Rick Bragg's South
Rick Bragg has a complicated relationship with the American South, where he was born and raised, and which he left for a spell. Even when he was away, he longed to be back home again. Now he is in his ninth book, “Where I Come From: Stories from the Deep South” (Knopf, 256 pp., ★★★½ out of four).
He dearly loves his native Alabama and environs, the bona fide parts, and he writes mostly about these: his family, local legends, indigenous food, personal foibles and southern shenanigans. He’s a son of the southland who isn’t much of a coon hunter or fisherman. Once, he cast and hooked a goat named Ramrod.
He has no use for the rebel flag, or cotillions or swaths of the “new” South populated by “posers” off gassing clichés.
Of his aunt Jo he writes, “She was not the South of meanness and small-mindedness, not the political South that yearns to turn back time.”
On his travels elsewhere, the author picked up some bad habits. Upon one return, his older brother Sam, who never left, is watching him as he opens the trunk of his car. Sam asks, pointing an accusing finger, “What’s that?”
“They’re golf clubs,” replies younger brother, in shame.
“Where I Come From" consists of short pieces, mostly two-pagers, eclectic nuggets about places and people he knows well. He writes about women sporting “kitchen-sink permanents” and men who still carry pocket knives and can fix water pumps. He laments the passing of the steel guitar (among other trends) in country music.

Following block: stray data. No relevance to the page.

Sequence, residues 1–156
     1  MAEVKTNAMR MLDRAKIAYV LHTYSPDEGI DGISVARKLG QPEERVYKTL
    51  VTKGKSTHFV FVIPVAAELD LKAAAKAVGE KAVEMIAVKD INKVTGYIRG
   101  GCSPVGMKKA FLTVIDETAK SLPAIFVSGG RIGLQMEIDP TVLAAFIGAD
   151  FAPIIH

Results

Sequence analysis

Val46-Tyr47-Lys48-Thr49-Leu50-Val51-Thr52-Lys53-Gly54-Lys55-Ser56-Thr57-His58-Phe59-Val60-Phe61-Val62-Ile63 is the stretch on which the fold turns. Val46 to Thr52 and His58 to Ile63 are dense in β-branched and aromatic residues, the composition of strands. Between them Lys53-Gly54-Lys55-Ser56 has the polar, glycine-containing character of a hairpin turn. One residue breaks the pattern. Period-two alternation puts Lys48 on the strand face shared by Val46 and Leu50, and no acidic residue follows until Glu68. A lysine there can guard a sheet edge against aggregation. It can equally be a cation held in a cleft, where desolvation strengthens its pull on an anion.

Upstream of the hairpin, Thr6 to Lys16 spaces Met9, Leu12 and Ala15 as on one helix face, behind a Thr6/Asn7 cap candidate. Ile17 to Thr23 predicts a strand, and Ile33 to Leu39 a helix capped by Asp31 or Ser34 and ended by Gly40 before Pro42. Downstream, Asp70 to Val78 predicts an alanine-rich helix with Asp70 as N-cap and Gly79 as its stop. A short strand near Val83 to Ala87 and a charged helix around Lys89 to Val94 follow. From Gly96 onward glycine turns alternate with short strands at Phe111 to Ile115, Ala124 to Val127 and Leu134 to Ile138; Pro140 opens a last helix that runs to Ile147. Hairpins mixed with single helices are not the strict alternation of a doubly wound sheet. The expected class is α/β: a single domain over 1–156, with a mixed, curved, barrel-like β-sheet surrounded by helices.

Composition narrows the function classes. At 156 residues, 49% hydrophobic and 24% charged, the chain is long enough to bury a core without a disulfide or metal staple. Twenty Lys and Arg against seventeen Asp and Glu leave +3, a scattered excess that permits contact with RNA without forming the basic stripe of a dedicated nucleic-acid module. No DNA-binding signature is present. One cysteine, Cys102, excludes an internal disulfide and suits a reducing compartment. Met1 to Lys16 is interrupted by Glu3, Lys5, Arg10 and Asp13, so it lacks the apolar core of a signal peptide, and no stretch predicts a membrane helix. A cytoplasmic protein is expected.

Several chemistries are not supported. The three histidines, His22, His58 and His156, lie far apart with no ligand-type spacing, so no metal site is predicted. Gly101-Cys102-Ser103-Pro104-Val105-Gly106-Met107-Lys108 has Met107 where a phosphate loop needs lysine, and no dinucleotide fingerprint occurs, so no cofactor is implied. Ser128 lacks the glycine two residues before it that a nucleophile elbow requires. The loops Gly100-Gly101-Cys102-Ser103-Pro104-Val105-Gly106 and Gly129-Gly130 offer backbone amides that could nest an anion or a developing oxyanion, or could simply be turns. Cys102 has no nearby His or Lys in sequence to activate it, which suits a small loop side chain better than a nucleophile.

He visits with Harper Lee and Jerry Lee Lewis and pens a paean to Pat Conroy, a friend and fellow southern writer who passed away in 2016. He writes about his affair with Tupperware — while acknowledging that his mother preferred old margarine tubs and thought “Tupperware was just showing off.”
There are longer pieces throughout, and almost all of the chapters are credited to columns published in Southern Living magazine. The former Pulitzer Prize-winning journalist for The New York Times is now a regular contributor to Garden & Gun magazine. It makes perfect sense.
The larger slices of southern life are the most welcome (the reader often is still hungry when the tidbits end). “Jubilee” is an eye-popping eight-pager about a rare natural phenomenon in Mobile Bay, when, for an hour or less in the summer, fish, crabs and eels swarm the shallows like a benign Biblical plague, apparently trying to escape their watery home. When the call goes out, the locals rush to shore, clad in whatever they have on at the time, rods and whatnot in hand. Some of the writhing bounty can simply be scooped up in five-gallon buckets. Without even trying, Bragg explains why it is humans came to believe in miracles.
Rick Bragg is an imperfect man who wishes at times that he and the rest of us could be better than we are. What he writes about “To Kill a Mockingbird” is telling: “[It] was a kind of gospel, north and south, appealing, through the beauty of the story, for us to be better than we were, to live up to our finer natures, and not our baser ones, to rise inside our own consciences and not wallow in the mob.”